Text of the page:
very complicated. They use an outside, third party to present
these statistics to these scouting departments and they’re so long in detail I still don’t
think they’ve gone through and determined how they’re going to utilize this information. So once again, they relied on this. But I think the question is: is that healthy? Is it even good? Should we be happy that DK Metcalf is at 1.6%,
if it was even true? The answer is, no. Especially when it comes to the athletes. When it comes to the guys that watch this
channel, I hope. That is, there’s a sliding scale here. If we were to look at a rough estimate of
bodyfat percentage on the bottom from 0% all the way up to 45%, and then we looked at the
injury risk – injury risk meaning any of the dangers that come along with having an
extremely low level of bodyfat percentage, which I’ll cover here in a second. You’re going to see a dramatic shift that
when you’re at these super low levels, in the 0%-5% range, you have an incredibly high
risk of injury. It could be something extremely serious, like
fatality, or it could be something more along the lines of career threatening, just in terms
of your ability to stay healthy. Because your joints are severely under lubricated. Let’s look at some of those things. We’re talking about what some of these concerns
are. Temperature regulation. Being tough to regulate your own temperature. I hope he doesn’t get drafted by Green Bay. That would be a bad place to try and play
football if you can’t regulate your own temperature. Vision. You could have vision problems. I talked about myself in the past where my
extreme avoidance of fat in my diet led me to have some photosensitivity. I couldn’t go out in the sunlight without
having to squint. That’s because we know that the reliance
on the photoreceptors of the eye require fat to operate at full function. Reduced immune system. That’s not a good thing for any athlete. Increased risk of injury. A lot of times, relating to joint dysfunction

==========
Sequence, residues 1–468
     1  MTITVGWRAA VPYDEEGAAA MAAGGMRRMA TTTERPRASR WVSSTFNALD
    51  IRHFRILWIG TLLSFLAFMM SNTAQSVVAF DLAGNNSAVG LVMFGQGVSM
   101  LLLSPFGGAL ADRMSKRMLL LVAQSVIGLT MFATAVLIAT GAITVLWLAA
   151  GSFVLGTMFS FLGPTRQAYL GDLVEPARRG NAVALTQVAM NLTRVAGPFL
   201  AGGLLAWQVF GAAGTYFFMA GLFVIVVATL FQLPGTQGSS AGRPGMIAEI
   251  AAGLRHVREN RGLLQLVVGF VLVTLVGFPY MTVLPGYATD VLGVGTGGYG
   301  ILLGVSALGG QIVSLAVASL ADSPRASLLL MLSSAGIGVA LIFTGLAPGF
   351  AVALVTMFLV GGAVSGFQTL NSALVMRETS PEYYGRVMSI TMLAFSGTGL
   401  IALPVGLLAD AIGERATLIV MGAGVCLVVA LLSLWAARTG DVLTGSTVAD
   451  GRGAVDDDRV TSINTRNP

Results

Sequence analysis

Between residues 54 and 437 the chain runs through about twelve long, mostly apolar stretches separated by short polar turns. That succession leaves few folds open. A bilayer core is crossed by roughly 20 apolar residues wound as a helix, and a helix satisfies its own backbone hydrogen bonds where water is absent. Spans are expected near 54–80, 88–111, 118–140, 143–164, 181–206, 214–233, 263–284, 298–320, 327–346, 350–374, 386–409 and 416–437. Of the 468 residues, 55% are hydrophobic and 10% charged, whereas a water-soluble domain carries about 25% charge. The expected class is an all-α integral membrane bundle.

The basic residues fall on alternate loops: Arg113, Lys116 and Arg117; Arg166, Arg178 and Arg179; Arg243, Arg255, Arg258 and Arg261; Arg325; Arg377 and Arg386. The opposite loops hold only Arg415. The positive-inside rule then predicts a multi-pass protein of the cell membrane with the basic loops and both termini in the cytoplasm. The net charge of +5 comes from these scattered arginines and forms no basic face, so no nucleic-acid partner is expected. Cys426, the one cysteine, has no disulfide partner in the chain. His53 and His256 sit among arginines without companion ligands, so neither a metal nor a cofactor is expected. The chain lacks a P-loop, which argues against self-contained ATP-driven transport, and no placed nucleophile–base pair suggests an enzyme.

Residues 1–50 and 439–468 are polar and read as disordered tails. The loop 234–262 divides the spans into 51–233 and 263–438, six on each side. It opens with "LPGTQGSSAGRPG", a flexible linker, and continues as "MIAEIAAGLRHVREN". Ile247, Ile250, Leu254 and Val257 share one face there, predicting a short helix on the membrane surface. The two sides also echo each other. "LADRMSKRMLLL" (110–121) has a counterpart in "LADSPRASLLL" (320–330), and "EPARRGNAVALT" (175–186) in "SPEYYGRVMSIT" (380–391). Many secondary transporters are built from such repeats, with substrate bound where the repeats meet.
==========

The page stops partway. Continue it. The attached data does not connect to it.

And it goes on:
because of the low levels of bodyfat. Fatigue. Brain fog. Nothing good about this, guys. Again, even if you’re not an athlete, but
you’re trying to compete in the sport of life, it’s never going to be good. A desk job. Anything where you’ve got to think. Thyroid dysfunction. All this stuff is bad. So, we don’t want to be that low. That sliding scale, we saw the sweet spot
would be more up in that 8%-12% bodyfat range. There are reasons we can aesthetically be
where we want to be, but performance-wise we wouldn’t be sacrificing where we want
to be. That’s going to change with age, and I’ll
cover this in a future video, where there’s a bit of a sliding scale there, too. And of course, men versus women. I’ll go into that in depth. But the fact is, that’s what we want to
do. So, what else should we focus on? Because the truth here is not just about the
bodyfat, but what about the numbers in general? Look back at his numbers. Again, I mentioned impressive statistics. A 40-yard dash of 4.33. That is going to be very difficult to cover. A bench-press of 27 reps of 225lbs. A vertical jump of 40.5″. Broad jump, 134”. The three-cone drill, 7, 3, 8. And then a 20-yard shuttle, which is the 5-10-5,
4.5 seconds. I want to underscore something very important
when it comes to these numbers because I feel like I’ve been harping on this a lot, as
of late. That is that numbers alone don’t tell you
anything. Numbers in isolation are never good. Being one-dimensional, which is something
I’ve talked about a lot, focusing on only strength in your workouts is an extremely
limited, improper way to focus on training. Especially if you want to be an athlete. You can’t talk about training like an athlete
if you’re solely focused on strength. Is strength an important component? It’s one of the most important, but in isolation
it could be pretty limiting. How do I know that? Well, we can look at bench-press alone; the
performance of the bench-press. Did you know, since 2012 the guys who logged
the four highest scores in the bench-press – with the highest being 46 reps or 44 reps
of 225lbs. Did you know that of the top four guys, only
one guy is still playing in the league? Of those top guys, two of them were out of
the league after just a single year or single season. It’s not enough. I’ve talked about it. You can be a big guy, a big meathead, big,